Yes, the void is the space inside the wall. It could be between joists in a wood wall or in the channels inside concrete blocks. It basically just means empty spaces in a wall.


5

When I had a bad infestation from the previous owner's dogs, I used flea "bombs" with Precor. Most insecticides will kill the adults, but if you have eggs, you will need something that prevents the eggs from maturing. Precor is one of the brand names for the growth regulator that does this. I wasn't living in the house yet, but I was painting the inside. I ...


5

Some ideas: Lay heavy landscape fabric or galvanized hardware cloth and rock under the entire area. Leave the space open enough that it doesn't appeal to den-seekers. Install a skirt and place a row of pavers or large rocks around it. Install wire mesh down to the ground and then outward a foot or so. Cover it with skirting and landscaping. Install wire ...


4

My trick to get rid of inaccessible wasp nests is to set up a shop vac for a half a day sucking at their entry point. Once all the wasps are in the shop vac I suck up some raid spray. I then seal up the hole in the house. Works well. I guess if you really want to let them go you could take them somewhere and release them out of the shop vac. Good karma?


4

Every time I have dealt with a rodent issue they ALWAYS eat the poison pellets. Now can you live with a dead mouse somewhere? Maybe it isn't the best inside way to catch them. But if you hit them with pellets all along the outside of your house 2-3 heavy sweeps over a course of a few months they will all be dead or close. They share food when close. I ...


4

I've enjoyed dusting flour (from the kitchen) onto the floor overnight, thus showing me in the morning the mouse/rat travel path. That in turn can inform the best trap locations.


4

You can seal the hole with duct seal. It is a putty-like substance, which can fill the hole around the pipes. Duct seal does not harden, so it is easy to remove in the future. You may have to cut the pipe insulation just short of the hole so you get a good seal. It may be a good time to replace that whole section of insulation while you're working in the ...


4

You should lay a bait down. I recommend Advion, which is a product from DuPont or MaxForce, which uses fipronil. You can do a search on Amazon or a similar site for "Advion ant" or "MaxForce ant". The bait comes in a plunger that you can use to apply in small places. Find out where they are trailing and put a few drops down. You can put the drops on ...


4

I work with an extermination company. The pictures aren't that clear, but the first one seems to be a Confused Flour Beetle and I would imagine the second one is the same. The Confused Flour Beetle feeds on flour and grains but do not bite. The best way to eliminate them is to go through your pantry and throw out any infested items. The remaining items ...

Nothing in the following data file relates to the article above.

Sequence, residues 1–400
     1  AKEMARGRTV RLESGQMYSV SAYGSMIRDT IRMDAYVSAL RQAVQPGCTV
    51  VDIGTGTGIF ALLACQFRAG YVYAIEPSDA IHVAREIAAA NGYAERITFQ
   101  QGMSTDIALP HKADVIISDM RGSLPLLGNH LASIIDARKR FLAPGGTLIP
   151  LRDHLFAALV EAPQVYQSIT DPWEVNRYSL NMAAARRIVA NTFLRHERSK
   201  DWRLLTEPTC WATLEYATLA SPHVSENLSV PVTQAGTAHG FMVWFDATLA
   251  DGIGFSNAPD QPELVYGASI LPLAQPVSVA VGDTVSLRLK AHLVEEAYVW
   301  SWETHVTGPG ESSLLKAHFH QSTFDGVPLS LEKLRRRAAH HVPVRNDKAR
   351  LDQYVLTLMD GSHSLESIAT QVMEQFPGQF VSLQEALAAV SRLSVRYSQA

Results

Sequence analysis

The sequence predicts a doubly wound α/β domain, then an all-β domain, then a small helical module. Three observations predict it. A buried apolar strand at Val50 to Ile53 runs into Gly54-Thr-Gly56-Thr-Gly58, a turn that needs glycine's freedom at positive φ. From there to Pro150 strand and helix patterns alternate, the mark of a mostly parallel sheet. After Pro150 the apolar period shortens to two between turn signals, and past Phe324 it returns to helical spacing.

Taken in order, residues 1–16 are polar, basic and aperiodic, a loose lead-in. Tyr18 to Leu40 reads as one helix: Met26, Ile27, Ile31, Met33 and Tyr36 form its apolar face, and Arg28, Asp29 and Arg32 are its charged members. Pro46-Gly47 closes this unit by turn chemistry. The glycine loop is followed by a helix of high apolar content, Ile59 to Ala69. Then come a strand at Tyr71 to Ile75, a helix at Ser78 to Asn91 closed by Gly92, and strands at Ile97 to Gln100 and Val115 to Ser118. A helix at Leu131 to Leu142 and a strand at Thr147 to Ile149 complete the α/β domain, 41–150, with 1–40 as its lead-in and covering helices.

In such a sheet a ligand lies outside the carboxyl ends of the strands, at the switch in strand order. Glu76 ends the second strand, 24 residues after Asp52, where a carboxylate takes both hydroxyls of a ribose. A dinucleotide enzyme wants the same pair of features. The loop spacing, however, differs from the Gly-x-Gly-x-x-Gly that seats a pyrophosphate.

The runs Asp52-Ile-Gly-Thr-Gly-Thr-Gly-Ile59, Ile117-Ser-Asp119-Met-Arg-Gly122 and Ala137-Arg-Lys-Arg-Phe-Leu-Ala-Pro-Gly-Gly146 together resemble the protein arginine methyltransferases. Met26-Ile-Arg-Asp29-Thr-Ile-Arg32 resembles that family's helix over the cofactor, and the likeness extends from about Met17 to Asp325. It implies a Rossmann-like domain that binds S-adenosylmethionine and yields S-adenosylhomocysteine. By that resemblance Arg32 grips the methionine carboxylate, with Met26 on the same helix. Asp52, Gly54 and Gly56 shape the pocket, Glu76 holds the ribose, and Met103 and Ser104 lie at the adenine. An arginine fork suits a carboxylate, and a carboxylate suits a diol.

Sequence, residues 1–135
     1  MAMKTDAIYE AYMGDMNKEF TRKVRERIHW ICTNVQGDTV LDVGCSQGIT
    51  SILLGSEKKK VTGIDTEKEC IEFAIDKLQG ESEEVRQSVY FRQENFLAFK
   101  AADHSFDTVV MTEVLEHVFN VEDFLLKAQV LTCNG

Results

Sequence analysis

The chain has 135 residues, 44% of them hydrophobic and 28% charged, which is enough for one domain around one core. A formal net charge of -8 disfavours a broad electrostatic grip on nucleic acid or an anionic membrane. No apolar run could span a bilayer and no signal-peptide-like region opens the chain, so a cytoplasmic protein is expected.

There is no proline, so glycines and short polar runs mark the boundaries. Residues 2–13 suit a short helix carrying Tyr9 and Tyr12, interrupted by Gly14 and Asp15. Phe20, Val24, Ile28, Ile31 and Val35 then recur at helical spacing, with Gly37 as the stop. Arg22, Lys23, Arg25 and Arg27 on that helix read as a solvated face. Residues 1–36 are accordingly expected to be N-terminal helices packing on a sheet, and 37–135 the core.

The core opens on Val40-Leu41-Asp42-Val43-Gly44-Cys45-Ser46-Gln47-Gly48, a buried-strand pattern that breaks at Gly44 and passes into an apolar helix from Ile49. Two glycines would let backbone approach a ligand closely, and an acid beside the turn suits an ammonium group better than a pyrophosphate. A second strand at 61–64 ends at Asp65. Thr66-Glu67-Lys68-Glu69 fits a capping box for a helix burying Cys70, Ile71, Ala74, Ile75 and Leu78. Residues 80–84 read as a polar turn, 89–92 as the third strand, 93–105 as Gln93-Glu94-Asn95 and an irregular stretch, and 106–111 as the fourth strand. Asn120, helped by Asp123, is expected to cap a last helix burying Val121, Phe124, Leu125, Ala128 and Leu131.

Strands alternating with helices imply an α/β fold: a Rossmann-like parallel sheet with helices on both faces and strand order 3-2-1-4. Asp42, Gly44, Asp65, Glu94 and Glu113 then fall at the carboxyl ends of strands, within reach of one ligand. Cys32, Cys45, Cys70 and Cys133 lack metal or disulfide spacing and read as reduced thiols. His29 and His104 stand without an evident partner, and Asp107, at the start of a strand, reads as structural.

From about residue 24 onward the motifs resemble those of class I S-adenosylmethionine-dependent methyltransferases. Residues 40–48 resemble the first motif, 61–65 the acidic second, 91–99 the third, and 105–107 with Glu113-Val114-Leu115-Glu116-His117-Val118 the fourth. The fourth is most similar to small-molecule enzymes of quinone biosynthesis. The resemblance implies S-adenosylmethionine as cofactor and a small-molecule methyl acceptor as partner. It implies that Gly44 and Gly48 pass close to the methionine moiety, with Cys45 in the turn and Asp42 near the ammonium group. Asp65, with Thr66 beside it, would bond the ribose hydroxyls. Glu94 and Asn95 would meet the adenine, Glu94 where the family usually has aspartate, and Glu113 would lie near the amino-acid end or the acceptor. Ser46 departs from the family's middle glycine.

4

It's unlikely to be a major issue with reused traps. Just check that there's not a little rust or something developed that is causing them to stick. You could try a square of chocolate as the bait. If you heat the pin on the trigger platform, you can push the chocolate on and it's stuck there. That makes it harder for the mice to get away with the bait.


4

I have personally moved to the "plastic cheese" traps and use them with no bait (other than the supposed, and probably fictional IMHO, "odor in the plastic." They have a large target area and a trigger of adjustable sensitivity - if it gets stepped on, it gets tripped. I reuse them without undue care (I do leave them out in the weather for a while if they ...


4

Do not allow squirrels or any animals access to roof by eliminating trees which are less than 6 feet away.


4

The most cost-effective methods of termite control, in descending order: Live where it's too cold for termites - $ Treat the soil around the perimeter of your house with termiticide once every 5-10 years - $ Build a physical termite barrier around your house out of metal, fine sand, cementboard, or some other material that termites can't eat or pass through,...


4

Just mix baking soda with vinegar and you will get all the CO2 you want. Make sure that the jar is big enough because this reaction causes bubbles; the liquid will expand. Also, keep one more thing in mind CO2 is heavier than air meaning that you should somehow put the zapper inside the jar so it would be near CO2 and not over it; because I don't think that ...


4

For starters, that's a really amazing shed! As for the termites, they're swarming. This is natural in termite areas. They're looking for wet or rotting wood to start a new nest. So, odds are you should have nothing to worry about with the new shed, as hopefully none of it is rotting yet. None of your options will really have any impact on swarming termites....